icon bookmark-bicon bookmarkicon cameraicon checkicon chevron downicon chevron lefticon chevron righticon chevron upicon closeicon v-compressicon downloadicon editicon v-expandicon fbicon fileicon filtericon flag ruicon full chevron downicon full chevron lefticon full chevron righticon full chevron upicon gpicon insicon mailicon moveicon-musicicon mutedicon nomutedicon okicon v-pauseicon v-playicon searchicon shareicon sign inicon sign upicon stepbackicon stepforicon swipe downicon tagicon tagsicon tgicon trashicon twicon vkicon yticon wticon fm
18 May, 2015 16:47

Former congressional candidate planned to 'utterly destroy' Muslim community in gun assault

Former congressional candidate planned to 'utterly destroy' Muslim community in gun assault

A former candidate for a Tennessee congressional seat has admitted to making threats that included burning down a mosque, school, and cafeteria in a Muslim community in New York State. Despite the threats, he was released after posting $30,000 bail.

Robert R. Doggart, 63, was apprehended by the FBI before he took action on an area known as "Islamberg" near the town of Hancock in Delaware County, New York.

He accepted a plea deal in federal court, admitting guilt to one count of interstate communication threats, a penalty that calls for a maximum five years in prison. Doggart posted a $30,000 bond and will be monitored by electronic surveillance while he awaits sentencing.

In 2014, Doggart ran as an independent in the race for Tennessee's 4th congressional district. He garnered 6 percent of the vote, according to Ballotpedia.org. He "has worked in the nuclear, fossil, hydroelectric and associated engineering fields for the past 40 years," according to his profile on the site.

According to court documents reported late Sunday by the Press & Sun-Bulletin, Doggart was arrested on April 10 in Signal Mountain, Tennessee, by federal law enforcement. He was charged with solicitation, intentionally defacing, damaging or destroying religious property, and interstate communication of threats.

READ MORE: Sovereign citizens seen as top terrorist threat by US law enforcement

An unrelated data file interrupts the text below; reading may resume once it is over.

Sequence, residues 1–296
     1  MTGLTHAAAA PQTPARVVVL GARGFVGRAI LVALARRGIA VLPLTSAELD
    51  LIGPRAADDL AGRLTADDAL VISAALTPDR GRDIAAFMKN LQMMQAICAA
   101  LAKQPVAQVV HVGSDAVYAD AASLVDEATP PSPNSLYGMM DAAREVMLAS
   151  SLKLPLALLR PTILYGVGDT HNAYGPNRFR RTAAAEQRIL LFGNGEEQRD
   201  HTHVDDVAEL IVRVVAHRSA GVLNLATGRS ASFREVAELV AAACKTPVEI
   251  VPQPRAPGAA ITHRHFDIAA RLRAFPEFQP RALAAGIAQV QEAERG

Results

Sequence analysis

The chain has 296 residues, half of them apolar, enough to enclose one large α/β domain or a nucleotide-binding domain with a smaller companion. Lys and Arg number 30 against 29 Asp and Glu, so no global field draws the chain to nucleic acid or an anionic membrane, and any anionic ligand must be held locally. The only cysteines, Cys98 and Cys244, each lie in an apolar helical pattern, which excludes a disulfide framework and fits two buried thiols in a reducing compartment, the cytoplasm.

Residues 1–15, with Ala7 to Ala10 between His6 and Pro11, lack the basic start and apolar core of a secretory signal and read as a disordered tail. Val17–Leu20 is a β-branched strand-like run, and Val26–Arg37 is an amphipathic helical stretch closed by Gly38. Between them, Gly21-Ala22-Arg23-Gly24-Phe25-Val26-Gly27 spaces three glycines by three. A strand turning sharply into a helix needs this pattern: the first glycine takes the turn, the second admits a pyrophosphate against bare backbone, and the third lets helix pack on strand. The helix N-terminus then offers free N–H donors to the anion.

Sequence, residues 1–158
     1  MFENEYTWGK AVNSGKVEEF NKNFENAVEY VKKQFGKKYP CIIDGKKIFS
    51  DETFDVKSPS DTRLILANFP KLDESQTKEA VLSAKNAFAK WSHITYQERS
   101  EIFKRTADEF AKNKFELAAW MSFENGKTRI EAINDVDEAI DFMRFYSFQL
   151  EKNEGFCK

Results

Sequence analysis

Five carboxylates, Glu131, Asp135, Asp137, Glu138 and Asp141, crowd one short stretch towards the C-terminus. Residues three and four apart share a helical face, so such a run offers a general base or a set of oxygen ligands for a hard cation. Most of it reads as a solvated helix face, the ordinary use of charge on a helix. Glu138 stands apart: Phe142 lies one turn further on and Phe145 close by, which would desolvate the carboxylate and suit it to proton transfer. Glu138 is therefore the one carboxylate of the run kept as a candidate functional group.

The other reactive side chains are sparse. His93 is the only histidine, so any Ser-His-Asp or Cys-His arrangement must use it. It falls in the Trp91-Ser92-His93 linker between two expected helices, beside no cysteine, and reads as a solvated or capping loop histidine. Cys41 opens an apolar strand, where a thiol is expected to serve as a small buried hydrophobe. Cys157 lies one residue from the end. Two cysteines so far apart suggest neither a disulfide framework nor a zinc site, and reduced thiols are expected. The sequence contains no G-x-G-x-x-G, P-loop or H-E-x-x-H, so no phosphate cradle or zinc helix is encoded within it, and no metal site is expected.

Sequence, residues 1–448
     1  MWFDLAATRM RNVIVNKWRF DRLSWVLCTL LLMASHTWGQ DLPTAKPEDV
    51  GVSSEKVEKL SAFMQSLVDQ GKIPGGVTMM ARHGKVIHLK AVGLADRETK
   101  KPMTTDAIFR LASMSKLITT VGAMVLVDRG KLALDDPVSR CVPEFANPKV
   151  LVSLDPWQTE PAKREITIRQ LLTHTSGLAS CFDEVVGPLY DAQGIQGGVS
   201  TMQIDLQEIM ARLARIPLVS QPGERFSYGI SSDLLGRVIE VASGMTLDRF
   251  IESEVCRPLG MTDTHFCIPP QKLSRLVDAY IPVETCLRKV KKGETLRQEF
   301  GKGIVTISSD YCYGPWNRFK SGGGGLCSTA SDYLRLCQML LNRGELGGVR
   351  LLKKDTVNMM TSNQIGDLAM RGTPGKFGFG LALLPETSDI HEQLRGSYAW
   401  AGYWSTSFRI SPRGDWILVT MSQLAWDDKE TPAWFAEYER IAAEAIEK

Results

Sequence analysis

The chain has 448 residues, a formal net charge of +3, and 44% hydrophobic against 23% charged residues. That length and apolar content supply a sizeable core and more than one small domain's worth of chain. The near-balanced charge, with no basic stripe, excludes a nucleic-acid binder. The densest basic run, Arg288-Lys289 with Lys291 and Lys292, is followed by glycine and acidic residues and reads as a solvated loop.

The FBI was first alerted to Doggart in February based on statements made on Facebook.

“Target 3 [Islamberg] is vulnerable from many approaches and must be utterly destroyed," Doggart wrote, according to the plea agreement filed in the US District Court of the Eastern District of Tennessee.

He told an FBI source during a March 6 phone conversation that he intended to injure or kill those inside a Muslim school, mosque, and cafeteria in Hancock.

“Those guys have to be killed," Doggart said, according to legal documents. "Their buildings need to be burnt down. If we can get in there and do that not losing a man, even the better.”

During one recorded phone conversation, Doggart offered graphic examples of his strategy. Calling himself the operation's "standoff gunner," he was prepared to shoot people in the community, his lawyers wrote in the plea agreement.

“We will burn down their buildings (and) if anyone attempts to, uh, harm us in any way, our stand gunner will take them down from 350 yards away. The standoff gunner would be me," he said, according to the affidavit.

"We're gonna be carrying an M4 with 500 rounds of ammunition, light armour piercing, a pistol with three extra magazines, and a machete.

"And if it gets down to the machete, we will cut them to shreds.”

Doggart eventually met with potential co-conspirators in South Carolina who were affiliated with an unidentified militia group. He claimed his own M-4 assault rifle was "battle tested" as he solicited for extra "gunners" on Facebook. He told anyone interested in joining him that they should consider arming themselves with AR-15 and M-16 rifles.

He justified the action by claiming residents of the "Islamberg" community were “planning a terrorist attack."

Upon Doggart's arrest, the FBI found maps of Hancock -- which is about 145 miles northwest of New York City -- and information on gun laws in New York State.

US Magistrate Susan K. Lee, of Chattanooga, Tennessee, allowed Doggart's release under surveillance despite the objection of federal officials, the Press & Sun-Bulletin reported.

The Muslims of America Inc., an organization affiliated with the targeted Muslim community, said it will speak publicly on Doggart's plot at 4 pm ET on Monday in Binghamton, New York. The group issued a statement on Friday expressing dismay over Doggart's release on bail.

"Doggart is an example of the results of unchecked and rampant Islamophobia which has spread lies for years about our peaceful community," said Muhammad Matthew Gardner, public-relations director for Muslims of America Inc..

"All would agree, if a Muslim did this, the perpetrator would be immediately identified as a terrorist then prosecuted to the fullest extent of the law."

Gardner added that Doggart should be prosecuted for hate crimes and for attempting to commit a terrorist act.

The predominantly Muslim community in upstate New York has often been the target of right-wing allegations that it harbors jihadist camps, though local police reported finding no evidence of such claims, according to The Independent in the UK.